In his book ‘An account of the wonderful image of the Blessed Virgin Mary in the Discalced Carmelite Church of St Theresa in Vilnius at the Gates of Dawn, famed for various graces’, the Carmelite Fr Hillarie of St Gregory (1761) gives several other miracle stories, confirmed by eye witnesses and, of course, those who received the favours would give an ex voto as a sign of gratitude at the icon. Other types of wondrous occurrences are also described, such as the punishments imposed by Our Lady on malefactors attacking the picture or the honour of the shrine. The malefactors are usually foreign soldiers, Swedes, or Russians.
Here are a few accounts of the miracles:
‘In 1671, when the image was brought into the first chapel, a small two-year old child fell sharply from the top floor on to the stone ground below by some accident, and so he was lifted from the ground dead. The mourning parents took their child to the picture of Our Lady at Aušros Vartai in strong belief that their prayers would indeed be answered. The next day they found their child full of health without the slightest injury to his body or the least bruise.’ In gratitude to the Holy Mother of God for this favour and in eternal remembrance of the miracle, a plaque showing the incident was hung in the chapel on May of the same year. Later, it was destroyed along with the fire in the chapel on May 27, 1715.
‘Anyone would have a right to call May 18, 1706, a day of ashes if he had been in Vilnius, when almost the entire city was turned into ashes on the Pentecost day – the day when the Apostles got the Holy Spirit in the form of tongues of fire in early Christian times. The fire broke out at sharp midday in a miserable hovel not far from St Nicholas’s church and it consequently destroyed many nice homes, monasteries, and sanctuaries. The fire raved to such an extent, embracing the monastery and the church of St Theresa, that some wooden buildings in the yard which was as narrow as it is today, burnt down. However, as soon as two monks – Father Zachariah of St Louis and Brother Urban of St Theresa, surprised that it was suddenly no burden for them to carry the icon out of the chapel, carried it out and placed in the church, which resulted at once in the subsided fire from the monastery and the church. At that moment, some pious people saw our Lady in splendid radiance standing on the Carmelite Church’.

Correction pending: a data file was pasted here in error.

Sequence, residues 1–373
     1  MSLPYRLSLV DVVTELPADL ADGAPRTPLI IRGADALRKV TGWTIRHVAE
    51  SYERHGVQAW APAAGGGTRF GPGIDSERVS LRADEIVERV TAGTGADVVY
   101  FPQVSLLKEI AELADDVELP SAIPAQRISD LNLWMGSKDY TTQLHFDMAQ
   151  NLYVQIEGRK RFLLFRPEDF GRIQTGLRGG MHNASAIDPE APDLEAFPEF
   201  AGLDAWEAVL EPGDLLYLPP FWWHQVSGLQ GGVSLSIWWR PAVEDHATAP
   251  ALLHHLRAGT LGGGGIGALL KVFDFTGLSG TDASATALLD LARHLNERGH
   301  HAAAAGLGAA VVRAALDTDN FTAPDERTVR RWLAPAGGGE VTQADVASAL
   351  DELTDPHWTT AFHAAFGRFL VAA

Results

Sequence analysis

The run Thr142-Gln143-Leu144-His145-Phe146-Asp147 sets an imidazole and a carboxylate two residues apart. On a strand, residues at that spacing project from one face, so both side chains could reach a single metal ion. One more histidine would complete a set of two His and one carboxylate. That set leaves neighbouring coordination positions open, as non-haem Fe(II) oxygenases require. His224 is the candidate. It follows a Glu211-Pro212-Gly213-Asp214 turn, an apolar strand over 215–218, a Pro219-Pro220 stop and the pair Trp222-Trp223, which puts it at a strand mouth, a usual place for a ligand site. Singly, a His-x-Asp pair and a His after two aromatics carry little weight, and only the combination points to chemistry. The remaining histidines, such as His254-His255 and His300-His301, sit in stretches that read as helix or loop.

‘In 1708, the tsar of Moscow, Peter Alekseyevich bored down on the city through the whole winter with considerable force and settled in Vilnius with the whole army. One godless soldier from that army, suddenly captured by godless greed, somehow managed to get into the Aušros Vartai chapel and decided to steal silver vestment from Our Lady’s icon. At the moment the soldier touched the picture with his sacrilegious hand, the soldier was immediately thrown back against the wall by the Blessed Virgin and crushed. This incredulous miracle frightened the Moscow army so much and inspired such respect and awe for the Holy Image that many of the soldiers started donating to the poor and bowing low before the image as was their custom… and they zealously started seeking out pictures of the most holy image, and, what is more, to pay honour to the holy image, guards at the gate were forbidden to smoke in this place.’
There is a story about the Swedish army which in 1702 occupied Vilnius and put its military guard at each gate of the city. The invaders did not allow people to sing the songs of glory at the icon of the Gates of Dawn, and they were mocking at the picture of Our Lady. Thus, on April 14, which was on Saturday morning before Easter, ‘gates that needed ten strong men to be moved, were suddenly by Our Lady’s miraculous power torn off from its pivot and fell down with great noise on the blasphemous soldiers who were warming up by the fire near the gates.’